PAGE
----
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Marine Log

September 16, 2006

USCG relents on White's Ferry

No. The Coast Guard didn't send boarding teams aboard the barge Jubal A. Early when White's Ferry defied an order to cease operation. Coast Guard officials allowed passenger service onboard the White's Ferry to continue after ferry operators came into compliance with federal safety regulations.

The Coast Guard says its primary concern with the White's Ferry operation is the safety of passengers.

The ferry's Certificate Of Inspection (COI) issued by the Coast Guard, specifies the minimum complement of crew necessary for the safe operation of the vessel on U.S. navigable waters. This minimum complement is determined after consideration of the applicable laws, regulations, and all other factors involved, such as emergency situations, size and type of vessel, installed equipment, routes of operation, type of service employed, degree of automation, and the frequency of operations. This minimum complement, by law, includes a licensed master.

The operation of the ferry without a licensed master not only violates Federal law and regulations governing operation of the vessel, but poses an unacceptable risk to passenger safety. For this reason, the vessel's Certificate of Inspection was revoked in accordance with Title 46 Code of Federal Regulations part 176.107(c). Unfortunately the company continued to operate without a valid COI.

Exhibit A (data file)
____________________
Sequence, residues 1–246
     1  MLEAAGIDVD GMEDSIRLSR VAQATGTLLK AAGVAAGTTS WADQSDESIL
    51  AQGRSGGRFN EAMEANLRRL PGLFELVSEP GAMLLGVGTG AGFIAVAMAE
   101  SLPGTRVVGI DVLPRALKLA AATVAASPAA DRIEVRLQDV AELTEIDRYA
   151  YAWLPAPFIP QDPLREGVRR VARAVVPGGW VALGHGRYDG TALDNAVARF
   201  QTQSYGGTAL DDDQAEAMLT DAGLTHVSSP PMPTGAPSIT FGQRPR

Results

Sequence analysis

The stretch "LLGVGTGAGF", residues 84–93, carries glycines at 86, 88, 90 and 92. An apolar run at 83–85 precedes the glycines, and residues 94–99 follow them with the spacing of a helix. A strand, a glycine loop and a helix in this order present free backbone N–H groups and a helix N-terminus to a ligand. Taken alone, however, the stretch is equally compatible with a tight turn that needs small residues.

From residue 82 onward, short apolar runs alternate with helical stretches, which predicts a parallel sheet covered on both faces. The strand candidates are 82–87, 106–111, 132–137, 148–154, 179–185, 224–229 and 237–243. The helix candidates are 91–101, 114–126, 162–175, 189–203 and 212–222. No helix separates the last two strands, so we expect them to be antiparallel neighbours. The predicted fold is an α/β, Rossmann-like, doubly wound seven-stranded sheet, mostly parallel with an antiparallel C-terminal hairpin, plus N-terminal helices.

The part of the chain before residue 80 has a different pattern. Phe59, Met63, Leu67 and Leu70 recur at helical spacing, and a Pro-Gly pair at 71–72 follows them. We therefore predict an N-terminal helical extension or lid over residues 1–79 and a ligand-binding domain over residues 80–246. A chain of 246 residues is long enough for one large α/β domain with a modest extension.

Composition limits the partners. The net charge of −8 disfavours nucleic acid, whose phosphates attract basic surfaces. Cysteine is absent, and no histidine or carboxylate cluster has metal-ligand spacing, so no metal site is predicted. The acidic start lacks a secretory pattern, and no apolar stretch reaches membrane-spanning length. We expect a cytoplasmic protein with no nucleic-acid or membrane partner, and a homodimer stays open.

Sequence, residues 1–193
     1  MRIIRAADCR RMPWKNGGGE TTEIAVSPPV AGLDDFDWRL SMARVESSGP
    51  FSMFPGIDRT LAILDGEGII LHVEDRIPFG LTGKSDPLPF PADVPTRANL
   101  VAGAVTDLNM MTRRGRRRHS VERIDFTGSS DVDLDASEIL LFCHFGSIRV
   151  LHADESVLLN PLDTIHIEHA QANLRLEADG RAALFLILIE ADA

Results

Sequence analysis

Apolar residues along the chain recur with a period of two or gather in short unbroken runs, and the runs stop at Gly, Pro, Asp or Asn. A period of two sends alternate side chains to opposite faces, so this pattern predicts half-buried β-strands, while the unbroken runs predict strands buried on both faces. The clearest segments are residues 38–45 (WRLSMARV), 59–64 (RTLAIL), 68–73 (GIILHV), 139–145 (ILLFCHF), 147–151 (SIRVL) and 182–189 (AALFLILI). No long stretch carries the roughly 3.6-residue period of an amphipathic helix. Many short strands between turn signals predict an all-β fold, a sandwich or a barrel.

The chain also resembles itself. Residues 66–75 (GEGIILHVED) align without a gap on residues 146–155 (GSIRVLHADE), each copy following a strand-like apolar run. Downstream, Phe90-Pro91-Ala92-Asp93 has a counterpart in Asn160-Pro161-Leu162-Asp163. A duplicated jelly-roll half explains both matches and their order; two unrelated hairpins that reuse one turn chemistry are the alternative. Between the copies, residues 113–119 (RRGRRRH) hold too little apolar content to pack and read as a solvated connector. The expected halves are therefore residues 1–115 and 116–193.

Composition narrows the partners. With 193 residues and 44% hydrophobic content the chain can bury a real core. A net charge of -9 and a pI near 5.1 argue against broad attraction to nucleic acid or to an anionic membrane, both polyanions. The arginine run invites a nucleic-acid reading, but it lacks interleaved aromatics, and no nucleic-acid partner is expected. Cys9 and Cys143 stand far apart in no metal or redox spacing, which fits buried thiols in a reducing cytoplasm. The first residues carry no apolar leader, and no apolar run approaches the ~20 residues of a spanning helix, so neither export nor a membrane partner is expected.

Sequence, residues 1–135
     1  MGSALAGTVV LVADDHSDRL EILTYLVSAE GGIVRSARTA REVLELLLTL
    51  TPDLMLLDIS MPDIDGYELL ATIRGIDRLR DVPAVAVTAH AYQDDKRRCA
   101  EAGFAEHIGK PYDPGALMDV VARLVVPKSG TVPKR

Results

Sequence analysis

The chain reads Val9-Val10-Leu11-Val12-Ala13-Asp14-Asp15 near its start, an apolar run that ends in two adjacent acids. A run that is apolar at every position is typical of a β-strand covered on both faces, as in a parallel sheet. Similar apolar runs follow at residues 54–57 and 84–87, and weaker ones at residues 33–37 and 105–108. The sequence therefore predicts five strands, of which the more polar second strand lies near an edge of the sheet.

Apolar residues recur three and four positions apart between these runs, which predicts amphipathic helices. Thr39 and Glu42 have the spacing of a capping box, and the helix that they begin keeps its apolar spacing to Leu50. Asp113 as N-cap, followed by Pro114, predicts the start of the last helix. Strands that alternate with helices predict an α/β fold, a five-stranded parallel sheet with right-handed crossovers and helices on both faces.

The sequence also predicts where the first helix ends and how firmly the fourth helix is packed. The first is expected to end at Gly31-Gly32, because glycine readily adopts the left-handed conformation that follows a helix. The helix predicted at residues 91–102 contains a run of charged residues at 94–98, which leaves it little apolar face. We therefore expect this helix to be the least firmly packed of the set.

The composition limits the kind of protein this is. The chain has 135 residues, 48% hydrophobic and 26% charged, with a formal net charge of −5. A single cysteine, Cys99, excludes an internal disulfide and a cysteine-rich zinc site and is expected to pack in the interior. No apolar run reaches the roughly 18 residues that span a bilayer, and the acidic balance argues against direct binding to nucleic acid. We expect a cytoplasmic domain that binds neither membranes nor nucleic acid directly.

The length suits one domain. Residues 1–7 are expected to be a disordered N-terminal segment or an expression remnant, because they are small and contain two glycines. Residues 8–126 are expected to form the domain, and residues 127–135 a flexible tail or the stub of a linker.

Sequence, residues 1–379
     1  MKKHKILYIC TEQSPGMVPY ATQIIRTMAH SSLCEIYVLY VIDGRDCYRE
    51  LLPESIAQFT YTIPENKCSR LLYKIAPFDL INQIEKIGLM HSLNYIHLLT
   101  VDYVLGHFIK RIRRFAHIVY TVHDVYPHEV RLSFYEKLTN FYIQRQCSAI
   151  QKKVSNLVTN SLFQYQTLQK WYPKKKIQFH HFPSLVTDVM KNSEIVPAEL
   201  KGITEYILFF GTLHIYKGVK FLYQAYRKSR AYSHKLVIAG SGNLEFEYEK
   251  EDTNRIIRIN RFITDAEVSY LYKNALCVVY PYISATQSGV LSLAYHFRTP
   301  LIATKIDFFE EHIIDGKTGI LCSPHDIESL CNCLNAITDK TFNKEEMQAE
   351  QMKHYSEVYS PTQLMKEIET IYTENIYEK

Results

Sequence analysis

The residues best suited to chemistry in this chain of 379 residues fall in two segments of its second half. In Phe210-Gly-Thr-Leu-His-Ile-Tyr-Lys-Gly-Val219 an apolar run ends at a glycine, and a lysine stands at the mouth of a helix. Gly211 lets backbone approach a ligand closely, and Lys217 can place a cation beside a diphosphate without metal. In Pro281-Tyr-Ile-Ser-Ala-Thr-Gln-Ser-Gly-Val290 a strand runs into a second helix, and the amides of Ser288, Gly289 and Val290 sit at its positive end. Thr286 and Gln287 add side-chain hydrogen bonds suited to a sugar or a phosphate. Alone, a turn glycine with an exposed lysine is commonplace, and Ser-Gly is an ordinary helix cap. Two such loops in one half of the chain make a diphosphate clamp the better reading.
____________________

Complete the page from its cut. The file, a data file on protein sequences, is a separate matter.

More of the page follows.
As a result, the Captain of the Port issued an order directing the White's Ferry to cease passenger operations in accordance with Section 1323 of Title 33, United States Code.

Failure to have a licensed Master on an inspected small passenger vessel carries a civil penalty of $27,500 per day, and failure to comply with a direction to terminate a voyage or correct unsafe conditions on a vessel subject to inspection carries a penalty of $11,000 per day. Violation of a Captain of the Port order carries a penalty of $32,500 for each violation, and any person who knowingly violates the order may be fined or imprisoned for committing a Class D felony.

The Coast Guard will take appropriate law enforcement action for violations of federal law and regulations to ensure the safety of passengers traveling on U.S. navigable waters.

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